The street musician’s hands stilled on his strings, stroked the wood of the guitar, and finally looked up at Etienne through his long curls.  A small smile brushed over his lips.
Etienne was frozen, still struck by his memories.  “Who…?”
The young man shook his head.  “The question you need to ask is ‘Where?’”
Etienne’s brows drew in.
The street musician stretched his thin arm and pointed down the block, deeper into the Historical District.  “What you want is that way.  Across the street and next door to the cupcake place.  Olde Curiosity’s Gift Shoppe.”
Etienne craned his neck to look down the sidewalk, and then snapped back to look down at the boy.  “Did you say ‘Curiosity’s’?”  Arthur’s wife had been named Curiosity!  He remembered!
The boy’s gentle smile widened, and he nodded once.  “Now you understand me.”
Etienne dug into his jeans pocket and dropped the last of his change into the boy’s guitar case.  He turned, eager to pursue this new lead, and then turned back to thank him.  But what came out of his mouth was, “Who are you?”
The boy swung his long hair back behind his shoulder, revealing more of his face.  Pretty, but well within human normal.  “I’m just Stephen.  Welcome to Seahaven.”
Etienne looked more closely at Stephen, and he was indeed as he appeared.  Simply human.  Clearing his throat to cover his confusion he said, “Well, thank you, Stephen.”
The boy smiled and inclined his head with grace.  “Anytime.”  He then set to playing again.

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The Opening Lines of Our WIP, Faerie Rising

Our friend over at https://writingouttakes.wordpress.com/ showed up their fantastic first lines today, and after totally geeking out about them we thought that looked like a lot of fun.  So we have the first few (current) paragraphs of Faerie Rising.

The little bell above the shop door preceded the desperate cry of, “Winter, we need you!”  The urgency in her friend’s voice tore the wizard’s attention from her task.  She dropped the open box of sterile surgical instruments on the long counter and rushed across the back room clinic, passing the city map of Seahaven that took up one entire wall.  On the map were neat red dots and a note for every violent incident this year.  It was the end of October and the map was so covered in red that it looked like it was inflicted with a virulent rash.  Winter pushed her way through the thickly beaded curtain into the still-darkened storefront.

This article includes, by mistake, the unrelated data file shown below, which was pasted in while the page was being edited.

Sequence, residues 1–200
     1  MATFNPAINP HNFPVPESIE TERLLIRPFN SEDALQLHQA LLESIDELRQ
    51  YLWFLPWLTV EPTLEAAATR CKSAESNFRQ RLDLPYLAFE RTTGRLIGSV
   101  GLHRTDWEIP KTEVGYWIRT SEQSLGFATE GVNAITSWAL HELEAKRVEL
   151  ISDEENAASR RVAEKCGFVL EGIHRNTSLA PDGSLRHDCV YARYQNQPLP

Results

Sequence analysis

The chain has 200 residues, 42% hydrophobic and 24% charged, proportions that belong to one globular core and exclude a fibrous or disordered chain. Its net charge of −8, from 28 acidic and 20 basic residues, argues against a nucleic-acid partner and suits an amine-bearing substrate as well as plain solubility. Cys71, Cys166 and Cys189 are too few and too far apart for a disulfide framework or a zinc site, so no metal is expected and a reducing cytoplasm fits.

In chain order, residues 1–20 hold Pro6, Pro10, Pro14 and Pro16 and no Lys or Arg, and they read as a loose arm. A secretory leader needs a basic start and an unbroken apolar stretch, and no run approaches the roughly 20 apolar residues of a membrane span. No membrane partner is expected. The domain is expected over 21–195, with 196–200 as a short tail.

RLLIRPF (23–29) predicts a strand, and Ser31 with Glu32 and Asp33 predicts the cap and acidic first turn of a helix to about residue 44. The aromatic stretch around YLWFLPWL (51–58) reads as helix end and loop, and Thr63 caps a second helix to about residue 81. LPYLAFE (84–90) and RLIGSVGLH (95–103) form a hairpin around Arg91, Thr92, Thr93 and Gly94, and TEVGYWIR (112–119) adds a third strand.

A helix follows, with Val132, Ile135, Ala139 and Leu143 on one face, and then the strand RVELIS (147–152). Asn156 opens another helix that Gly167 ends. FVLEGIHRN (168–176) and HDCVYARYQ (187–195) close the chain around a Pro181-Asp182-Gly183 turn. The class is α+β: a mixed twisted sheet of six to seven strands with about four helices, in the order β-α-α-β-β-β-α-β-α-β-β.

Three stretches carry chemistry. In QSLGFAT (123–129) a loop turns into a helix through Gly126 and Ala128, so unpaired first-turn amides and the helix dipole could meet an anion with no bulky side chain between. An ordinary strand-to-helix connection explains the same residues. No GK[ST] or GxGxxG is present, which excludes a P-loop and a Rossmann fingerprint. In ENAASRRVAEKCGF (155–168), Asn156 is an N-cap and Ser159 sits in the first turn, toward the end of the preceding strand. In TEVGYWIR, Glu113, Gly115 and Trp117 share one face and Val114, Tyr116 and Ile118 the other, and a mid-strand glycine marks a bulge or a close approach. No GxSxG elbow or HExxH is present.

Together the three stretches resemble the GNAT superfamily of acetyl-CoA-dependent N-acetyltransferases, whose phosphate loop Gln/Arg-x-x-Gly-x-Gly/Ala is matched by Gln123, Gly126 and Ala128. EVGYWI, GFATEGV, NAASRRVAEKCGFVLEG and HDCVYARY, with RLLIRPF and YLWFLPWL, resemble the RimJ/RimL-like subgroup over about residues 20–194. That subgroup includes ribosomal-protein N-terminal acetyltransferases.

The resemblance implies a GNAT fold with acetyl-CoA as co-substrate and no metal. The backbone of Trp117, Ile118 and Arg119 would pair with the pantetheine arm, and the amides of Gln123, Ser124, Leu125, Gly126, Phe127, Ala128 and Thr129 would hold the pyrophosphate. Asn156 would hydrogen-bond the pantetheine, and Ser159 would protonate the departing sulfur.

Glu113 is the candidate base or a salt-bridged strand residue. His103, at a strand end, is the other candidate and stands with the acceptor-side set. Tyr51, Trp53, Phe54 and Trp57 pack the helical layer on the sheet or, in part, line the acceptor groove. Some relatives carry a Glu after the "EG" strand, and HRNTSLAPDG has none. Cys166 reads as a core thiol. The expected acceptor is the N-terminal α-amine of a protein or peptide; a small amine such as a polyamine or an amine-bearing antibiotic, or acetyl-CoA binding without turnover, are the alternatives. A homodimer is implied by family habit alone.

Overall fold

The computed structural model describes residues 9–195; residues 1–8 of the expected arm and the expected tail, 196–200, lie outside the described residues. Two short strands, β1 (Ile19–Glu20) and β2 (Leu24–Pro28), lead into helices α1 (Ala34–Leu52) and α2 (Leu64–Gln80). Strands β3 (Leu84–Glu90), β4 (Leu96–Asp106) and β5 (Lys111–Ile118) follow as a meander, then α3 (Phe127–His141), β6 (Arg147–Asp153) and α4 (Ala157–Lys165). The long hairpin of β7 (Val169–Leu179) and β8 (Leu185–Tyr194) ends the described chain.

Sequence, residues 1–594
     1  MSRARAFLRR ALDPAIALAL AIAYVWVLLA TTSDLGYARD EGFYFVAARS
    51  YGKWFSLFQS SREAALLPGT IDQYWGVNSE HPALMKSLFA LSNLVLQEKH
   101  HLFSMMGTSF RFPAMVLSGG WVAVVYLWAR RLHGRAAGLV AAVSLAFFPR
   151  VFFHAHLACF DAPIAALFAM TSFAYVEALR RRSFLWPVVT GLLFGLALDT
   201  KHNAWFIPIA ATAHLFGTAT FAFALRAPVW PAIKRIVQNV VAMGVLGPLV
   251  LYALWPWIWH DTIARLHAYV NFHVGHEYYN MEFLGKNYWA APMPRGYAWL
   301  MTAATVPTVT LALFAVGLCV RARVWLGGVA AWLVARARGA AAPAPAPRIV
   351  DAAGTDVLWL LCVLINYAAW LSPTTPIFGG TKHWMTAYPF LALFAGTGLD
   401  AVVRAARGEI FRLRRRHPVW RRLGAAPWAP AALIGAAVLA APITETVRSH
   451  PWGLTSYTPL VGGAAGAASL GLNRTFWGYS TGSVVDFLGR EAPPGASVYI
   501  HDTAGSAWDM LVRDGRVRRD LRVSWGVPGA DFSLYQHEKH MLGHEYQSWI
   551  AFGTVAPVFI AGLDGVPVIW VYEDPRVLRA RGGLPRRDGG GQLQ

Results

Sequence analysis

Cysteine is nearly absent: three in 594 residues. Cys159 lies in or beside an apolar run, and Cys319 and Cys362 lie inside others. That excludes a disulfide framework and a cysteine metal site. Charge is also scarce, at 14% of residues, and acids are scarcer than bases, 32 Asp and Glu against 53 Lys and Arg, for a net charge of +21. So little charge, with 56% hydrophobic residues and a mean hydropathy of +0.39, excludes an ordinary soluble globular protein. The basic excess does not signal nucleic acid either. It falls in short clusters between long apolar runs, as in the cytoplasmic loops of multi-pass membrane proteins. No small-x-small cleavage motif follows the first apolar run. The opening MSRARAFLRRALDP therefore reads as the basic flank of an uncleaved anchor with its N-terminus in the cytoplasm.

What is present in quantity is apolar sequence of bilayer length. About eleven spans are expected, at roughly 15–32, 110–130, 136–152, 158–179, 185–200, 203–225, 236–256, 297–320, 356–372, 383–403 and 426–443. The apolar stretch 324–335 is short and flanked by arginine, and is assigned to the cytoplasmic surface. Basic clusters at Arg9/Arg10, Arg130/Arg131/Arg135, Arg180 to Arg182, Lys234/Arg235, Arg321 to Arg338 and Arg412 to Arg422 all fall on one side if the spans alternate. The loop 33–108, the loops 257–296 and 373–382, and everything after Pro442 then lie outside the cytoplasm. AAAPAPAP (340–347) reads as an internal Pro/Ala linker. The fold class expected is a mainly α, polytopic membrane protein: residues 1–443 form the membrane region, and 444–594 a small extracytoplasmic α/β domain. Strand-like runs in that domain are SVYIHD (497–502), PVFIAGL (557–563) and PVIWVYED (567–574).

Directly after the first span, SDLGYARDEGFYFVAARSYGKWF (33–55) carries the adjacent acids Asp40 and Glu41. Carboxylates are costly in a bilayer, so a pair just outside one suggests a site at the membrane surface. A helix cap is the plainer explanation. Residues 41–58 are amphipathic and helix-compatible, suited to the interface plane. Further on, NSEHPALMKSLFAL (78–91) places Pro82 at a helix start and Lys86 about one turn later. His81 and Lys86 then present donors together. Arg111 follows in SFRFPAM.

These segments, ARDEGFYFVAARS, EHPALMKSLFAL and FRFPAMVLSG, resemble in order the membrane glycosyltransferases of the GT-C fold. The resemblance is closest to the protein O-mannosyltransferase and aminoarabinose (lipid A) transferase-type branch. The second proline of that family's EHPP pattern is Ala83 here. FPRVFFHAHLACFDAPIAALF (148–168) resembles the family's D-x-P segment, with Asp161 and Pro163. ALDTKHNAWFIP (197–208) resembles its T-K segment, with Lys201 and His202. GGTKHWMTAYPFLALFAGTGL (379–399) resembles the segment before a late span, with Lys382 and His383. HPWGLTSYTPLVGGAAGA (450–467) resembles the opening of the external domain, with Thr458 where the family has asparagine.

It was hours before the rest of the shops in the Historical District would open, the sun was just trembling on the mountain’s lips and the deep shadows cast by the century-old buildings left the streetlights still lit.  Through the doorway walked Giovanni and Katherine, though “walk” might have been too casual a description.  He leaned heavily on her smaller frame, but she bore his weight easily with her right arm about his slender waist, holding both his and her jackets in place against his back.  Katherine kicked the door closed behind her and showed Winter her face, pale beneath the thick spray of blood that glittered on her skin and hair.

Winter swallowed down the rising bile of panic as the meat smell of heavy bleeding reached her.  In her experience, that was the smell of a loved one’s violent death.

She had seen a great deal of death.

“What happened?” she asked even as she quelled her trembling belly with a wash of icy professionalism and shoved a half-empty box aside with her foot to make a clear path.  The shop was a disaster, thick with dust, boxes everywhere and the shelves half empty.  And there was precious little she could do about it anytime soon.

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A Snippet From Our WIP, Faerie Rising

Scrambling, Winter gave up a few more feet to the goblin’s slashing claws and used the precious seconds she bought to rummage frantically in her massive canvas bag, murmuring the charm to bring a small parchment envelope to her hand while watching carefully for its next move.  She should have had it out before.  She knew that, now.

She had started with a rake to defend herself, but then found out how well the nasty little thing could climb, as the continuous throbbing on the back of her right hand attested to.  She had never actually been trained for this, unlike her cousins and two older sisters.  She was supposed to be a teacher, a healer and a Potion Master.  She should be home, tucked away in her family’s kitchen teaching a handful of little cousins to brew simple decoctions, not doing battle with a pseudo-demon the size of a throw pillow in Karen’s backyard.

And losing.